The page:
The researcher writes that the server stored over 6.5 TB of logs containing 13,000,000,000 entries received from a search engine. The specialist tested his theory on this matter very simply – he found his search queries in the logs, which he performed in the Bing app for Android.
Hakchil writes that the server was accessible over the Internet from September 10 to September 16, 2020, and when the specialist notified the Microsoft Security Response Center (MSRC) engineers about the problem, the server was again password protected.
Journalists of the edition ZDNet received a comment from Microsoft about the incident. The company assured that it corrected the misconfiguration immediately after receiving the notification from Hakchil, and also emphasized that a very limited amount of data was leaked that was not personalized.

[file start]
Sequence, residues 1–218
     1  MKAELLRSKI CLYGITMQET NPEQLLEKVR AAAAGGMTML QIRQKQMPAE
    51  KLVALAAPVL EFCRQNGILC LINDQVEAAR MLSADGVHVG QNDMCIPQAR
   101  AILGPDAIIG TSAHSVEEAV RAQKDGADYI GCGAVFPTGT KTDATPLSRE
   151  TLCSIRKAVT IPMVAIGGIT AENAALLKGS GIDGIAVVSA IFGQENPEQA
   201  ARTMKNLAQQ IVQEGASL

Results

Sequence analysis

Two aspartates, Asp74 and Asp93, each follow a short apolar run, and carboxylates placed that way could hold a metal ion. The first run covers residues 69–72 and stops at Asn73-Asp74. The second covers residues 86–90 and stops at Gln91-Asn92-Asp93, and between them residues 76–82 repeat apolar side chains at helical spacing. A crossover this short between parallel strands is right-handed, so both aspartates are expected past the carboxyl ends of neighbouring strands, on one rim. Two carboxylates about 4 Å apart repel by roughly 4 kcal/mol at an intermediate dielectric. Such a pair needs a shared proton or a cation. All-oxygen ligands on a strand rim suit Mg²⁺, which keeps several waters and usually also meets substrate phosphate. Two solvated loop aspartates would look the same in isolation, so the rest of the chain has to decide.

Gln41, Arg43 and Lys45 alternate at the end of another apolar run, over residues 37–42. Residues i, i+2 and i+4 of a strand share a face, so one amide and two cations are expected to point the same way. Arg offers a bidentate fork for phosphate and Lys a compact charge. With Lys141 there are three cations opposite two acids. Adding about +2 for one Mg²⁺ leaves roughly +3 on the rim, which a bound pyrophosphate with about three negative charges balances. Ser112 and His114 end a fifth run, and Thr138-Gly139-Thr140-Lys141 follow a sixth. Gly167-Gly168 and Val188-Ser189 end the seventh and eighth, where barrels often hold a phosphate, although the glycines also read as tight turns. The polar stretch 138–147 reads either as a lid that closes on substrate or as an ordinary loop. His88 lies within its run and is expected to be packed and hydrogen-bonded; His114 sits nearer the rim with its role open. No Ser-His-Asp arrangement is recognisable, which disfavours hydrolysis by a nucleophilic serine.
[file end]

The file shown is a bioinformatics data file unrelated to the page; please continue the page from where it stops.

The company even went to meet the publication and provided journalists with access to that very Elasticsearch server, so that they could see for themselves that there was no personal user data on the server and there was no one. ZDNet writes that the server really only contained technical details: search queries, information about the user's system (device, OS, browser, etc.), geographic location information (if available), as well as various tokens, hashes and coupon codes.